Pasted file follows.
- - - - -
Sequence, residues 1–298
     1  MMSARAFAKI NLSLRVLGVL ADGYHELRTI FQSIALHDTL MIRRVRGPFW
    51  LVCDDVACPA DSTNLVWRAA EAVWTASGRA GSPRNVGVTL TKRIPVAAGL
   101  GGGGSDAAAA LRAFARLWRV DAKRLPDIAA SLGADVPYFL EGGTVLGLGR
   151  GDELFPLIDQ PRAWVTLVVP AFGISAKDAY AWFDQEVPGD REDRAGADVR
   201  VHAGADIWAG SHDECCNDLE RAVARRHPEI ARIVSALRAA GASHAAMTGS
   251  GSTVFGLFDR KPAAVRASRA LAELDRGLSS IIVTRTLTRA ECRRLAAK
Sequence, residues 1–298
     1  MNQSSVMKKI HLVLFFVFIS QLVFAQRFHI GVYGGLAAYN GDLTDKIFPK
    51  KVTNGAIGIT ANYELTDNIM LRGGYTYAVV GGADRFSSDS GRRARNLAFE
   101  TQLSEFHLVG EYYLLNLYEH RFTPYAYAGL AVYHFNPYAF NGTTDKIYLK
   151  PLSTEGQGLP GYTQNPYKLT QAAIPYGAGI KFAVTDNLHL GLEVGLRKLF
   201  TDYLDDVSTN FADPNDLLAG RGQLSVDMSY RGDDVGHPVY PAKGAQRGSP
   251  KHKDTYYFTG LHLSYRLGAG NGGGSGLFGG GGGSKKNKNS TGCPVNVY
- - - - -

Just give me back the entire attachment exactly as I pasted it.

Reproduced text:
Sequence, residues 1–298
     1  MMSARAFAKI NLSLRVLGVL ADGYHELRTI FQSIALHDTL MIRRVRGPFW
    51  LVCDDVACPA DSTNLVWRAA EAVWTASGRA GSPRNVGVTL TKRIPVAAGL
   101  GGGGSDAAAA LRAFARLWRV DAKRLPDIAA SLGADVPYFL EGGTVLGLGR
   151  GDELFPLIDQ PRAWVTLVVP AFGISAKDAY AWFDQEVPGD REDRAGADVR
   201  VHAGADIWAG SHDECCNDLE RAVARRHPEI ARIVSALRAA GASHAAMTGS
   251  GSTVFGLFDR KPAAVRASRA LAELDRGLSS IIVTRTLTRA ECRRLAAK
Sequence, residues 1–298
     1  MNQSSVMKKI HLVLFFVFIS QLVFAQRFHI GVYGGLAAYN GDLTDKIFPK
    51  KVTNGAIGIT ANYELTDNIM LRGGYTYAVV GGADRFSSDS GRRARNLAFE
   101  TQLSEFHLVG EYYLLNLYEH RFTPYAYAGL AVYHFNPYAF NGTTDKIYLK
   151  PLSTEGQGLP GYTQNPYKLT QAAIPYGAGI KFAVTDNLHL GLEVGLRKLF
   201  TDYLDDVSTN FADPNDLLAG RGQLSVDMSY RGDDVGHPVY PAKGAQRGSP
   251  KHKDTYYFTG LHLSYRLGAG NGGGSGLFGG GGGSKKNKNS TGCPVNVY